Recent research suggests that guidelines for laminitis treatment and prevention in horses cannot necessarily be extrapolated to donkeys.
The study found that laminitis is common in donkeys, but factors associated with laminitis in donkeys differ from those reported in horses.
Nicola Menzies-Gow and colleagues checked the medical records of all 707 donkeys living on eleven farms run by the Donkey Sanctuary in the south-west of the UK. They found that over a period of 42 months, nearly half (48.5%) of donkeys experienced at least one bout of laminitis. Most (65%) of these episodes involved chronic laminitis.
The researchers compared the medical records of donkeys that did or did not experience laminitis, to identify factors that differed between the groups.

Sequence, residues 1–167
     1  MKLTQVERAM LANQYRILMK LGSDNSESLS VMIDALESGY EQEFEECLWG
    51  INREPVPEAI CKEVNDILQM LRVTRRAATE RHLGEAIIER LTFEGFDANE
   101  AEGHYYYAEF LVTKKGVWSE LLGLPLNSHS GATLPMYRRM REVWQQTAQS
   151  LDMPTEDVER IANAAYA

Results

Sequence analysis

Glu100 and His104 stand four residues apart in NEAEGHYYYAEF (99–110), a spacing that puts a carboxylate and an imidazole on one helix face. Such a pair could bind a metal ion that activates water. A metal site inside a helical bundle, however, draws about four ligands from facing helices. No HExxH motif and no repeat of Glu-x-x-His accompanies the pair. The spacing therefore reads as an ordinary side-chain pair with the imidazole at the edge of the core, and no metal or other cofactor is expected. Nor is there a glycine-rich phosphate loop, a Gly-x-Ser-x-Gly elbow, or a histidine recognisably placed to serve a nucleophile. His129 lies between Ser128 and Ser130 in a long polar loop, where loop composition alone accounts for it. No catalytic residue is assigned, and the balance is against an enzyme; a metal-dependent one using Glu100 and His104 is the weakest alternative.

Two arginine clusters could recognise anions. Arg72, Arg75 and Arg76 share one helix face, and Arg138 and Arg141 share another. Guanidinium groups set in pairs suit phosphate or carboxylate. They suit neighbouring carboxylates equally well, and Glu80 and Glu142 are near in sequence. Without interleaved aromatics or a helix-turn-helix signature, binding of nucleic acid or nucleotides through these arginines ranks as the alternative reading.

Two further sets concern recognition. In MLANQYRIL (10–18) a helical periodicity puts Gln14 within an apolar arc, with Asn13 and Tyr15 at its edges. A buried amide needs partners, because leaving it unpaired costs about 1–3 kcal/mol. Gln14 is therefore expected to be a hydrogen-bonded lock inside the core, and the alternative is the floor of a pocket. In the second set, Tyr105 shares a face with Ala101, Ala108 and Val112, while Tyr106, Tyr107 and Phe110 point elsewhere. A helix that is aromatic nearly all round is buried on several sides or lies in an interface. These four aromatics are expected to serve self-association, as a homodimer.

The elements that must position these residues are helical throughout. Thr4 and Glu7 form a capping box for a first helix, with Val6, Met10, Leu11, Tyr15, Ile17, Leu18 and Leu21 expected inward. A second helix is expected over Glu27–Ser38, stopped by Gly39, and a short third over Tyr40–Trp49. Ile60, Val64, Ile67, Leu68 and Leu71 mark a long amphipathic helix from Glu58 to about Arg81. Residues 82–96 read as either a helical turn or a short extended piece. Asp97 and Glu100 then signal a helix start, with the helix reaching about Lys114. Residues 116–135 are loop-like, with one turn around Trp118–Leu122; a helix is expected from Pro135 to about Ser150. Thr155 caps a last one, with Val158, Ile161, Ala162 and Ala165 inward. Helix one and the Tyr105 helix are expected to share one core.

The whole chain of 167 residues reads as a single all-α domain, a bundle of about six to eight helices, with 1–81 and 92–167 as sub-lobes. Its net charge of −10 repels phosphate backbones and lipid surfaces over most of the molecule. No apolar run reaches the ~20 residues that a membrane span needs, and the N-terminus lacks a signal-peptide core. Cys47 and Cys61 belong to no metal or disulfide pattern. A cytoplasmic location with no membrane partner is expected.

They found that affected animals were:
1) less likely to have had concentrate food
2) less likely to have another medical condition
3) less likely to have undergone dental work, diagnostic imaging or surgery in the month before developing laminitis
4) more likely to be younger when they first had laminitis
A full report of the research is published in the Equine Veterinary Journal.
The authors conclude that factors associated with laminitis in donkeys cannot necessarily be extrapolated from horse and pony studies.
However, they caution that these results may not apply to the wider donkey population and they suggest the need for further investigation in animals kept under different management conditions.
For more details, see:
Cross-sectional study to identify the prevalence of and factors associated with laminitis in UK donkeys
Nicola J. Menzies-Gow, Frederica Wakeel, Holly Little, Jesus Buil, Karen Rickards
Equine Veterinary Journal (2021)